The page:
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Fri, 22 Nov 2019 13:24 GMT

Ethiopia's Parliament - Abiy's First Full Report


Fitsum Getachew

Tue, 09 Jul 2019 13:04 GMT

July 1st 2019, marked the first full report of Prime Minister Abiy Ahmed to the Ethiopian parliament. It outlined the performance of his government including the challenges. But the entire process was overshadowed by the recent killings of five top leaders.   

This was definitely unprecedented in the history of the country since it became the Federal Democratic Republic of Ethiopia, FDRE. Under the current Constitution Prime Minister Abiy is the third premier but may be the most popular and followed with enthusiasm given the image he managed to create of himself as a politician with a human touch. Some have admired his opening to his adversaries and critics as positive and unprecedented. Many consider him as one of them and are ready to listen to what he has to say on any given occasion.

Since his first address to parliament all of his appearances in the House have been characterised by high rates of public interest. There were instances when people followed his Q and A sessions in the House whilst travelling on public transport, with such passion that even those who once cared little about politics seemed fascinated. Citizens say the premier has brought some life to the parliament, allowing it to evolve from what it used to be.

The July 1st session was particularly lively and interesting for the kinds of questions posed and the explanations given. On some points, he was visibly upset and emotional. After all he had just lost some of his closest colleagues. He stressed that if the unity of the country was put in danger, he would put away his pen and lift the Kalashnikov. He literally said he was ready to die!

This is a truly unprecedented expression used by any leader that I can remember. The premier said he would entertain and appreciate any issue presented to him and would address them duly as long as they followed the precepts of the Constitution. But he immediately warned that any mingling of unconstitutional acts with the legal way putting thus in jeopardy the integrity of the nation would not be tolerated. For many, this is a stern warning for some individuals whose continuous rhetoric included flirting with the idea of unilateral declaration of self-determination from the FDRE. He mentioned the recently crushed rebellion in the Somali Regional State as an example insisting that people must observe the legal procedure in both presenting a demand and seeking a response.

Hence, ‘forceful and arrogant demands’ cannot be entertained and that is what the mandate of his government was all about: to preserve law and order within a united country. But he was open to procedures of rearrangement, including Constitutional amendments.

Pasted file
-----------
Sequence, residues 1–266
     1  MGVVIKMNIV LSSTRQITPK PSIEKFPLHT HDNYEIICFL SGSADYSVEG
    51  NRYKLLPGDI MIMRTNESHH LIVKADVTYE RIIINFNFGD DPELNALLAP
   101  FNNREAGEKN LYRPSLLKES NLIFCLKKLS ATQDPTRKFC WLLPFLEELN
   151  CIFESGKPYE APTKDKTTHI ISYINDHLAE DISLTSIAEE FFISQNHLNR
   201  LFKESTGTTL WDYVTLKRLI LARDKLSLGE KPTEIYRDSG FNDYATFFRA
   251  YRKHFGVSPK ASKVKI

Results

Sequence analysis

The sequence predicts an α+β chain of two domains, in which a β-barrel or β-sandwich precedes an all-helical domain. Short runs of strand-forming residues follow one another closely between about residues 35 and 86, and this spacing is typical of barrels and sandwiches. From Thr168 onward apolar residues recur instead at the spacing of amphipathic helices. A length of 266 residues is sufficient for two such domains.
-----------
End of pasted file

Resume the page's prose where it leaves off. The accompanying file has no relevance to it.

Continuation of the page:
It was clear that the premier was giving a reassurance to all those who have been accusing it of inefficiency and lenience with people who continued to violate the laws under the pretext of an interpretation of federalism. He underlined that observing constitutional provisions was not an option but mandatory. This applied, not only to the Federal Constitution but to the regional ones as well. Anyone who breaks any of the provisions of any of the regional constitutions, is also violating the Federal Constitution. And in this sense the recent attempt at Bahir Dar in the Amhara Regional State was an attempt against the FDRE and no one should have illusions about that, he emphasised.

The premier’s intervention in parliament was particularly stern when he addressed some of the security challenges the country faced. He went the extra mile to explain why the events of June 22 constituted an attempted coup d’état even if it failed completely thanks to the concerted efforts of “the valiant defence and security forces”, he said. He did not want to reveal every detail of the attempt but pointed out that the ambition of the plotters was far more extensive than what they actually achieved. He also mentioned that there were several other attempted coups people did not need to know about.

The 11 month performance report was hence dominated by this principal security crisis and the various federalism issues. The premier took a lot of time to explain the confusion on what kind of federalism was applied in the country and how the arrangement could be modified but based on public request. But he insisted that dismissing the Constitution and taking part in elections or carrying out any political activities were contradictory. Every activity in the country must presuppose that the Constitution is valid and binding. Amendment could be entertained but only based on the precepts of the Constitution itself, he underlined.

Finally, he reminded the MPs and the public at large that the government was more resolute than ever to transform the society to a new high through the reform, and no one would stop it from achieving just that because he said the government was on the right track.

The public reactions outside parliament were mostly positive admiring the resoluteness of the premier. However, a few were skeptical about his warnings that seemed to stretch to authoritarianism. Some disagreed with the way he depicted the Constitution: “obtained with a huge sacrifice”. Many argue that the FDRE Constitution is basically a political document that the ruling party drafted for its own convenience and consecration and hardly bothered to embrace the feelings of the nation for which no one sought consultation.

Disclaimer: Views expressed by writers in this section are their own and do not necessarily reflect the views of 7Dnews.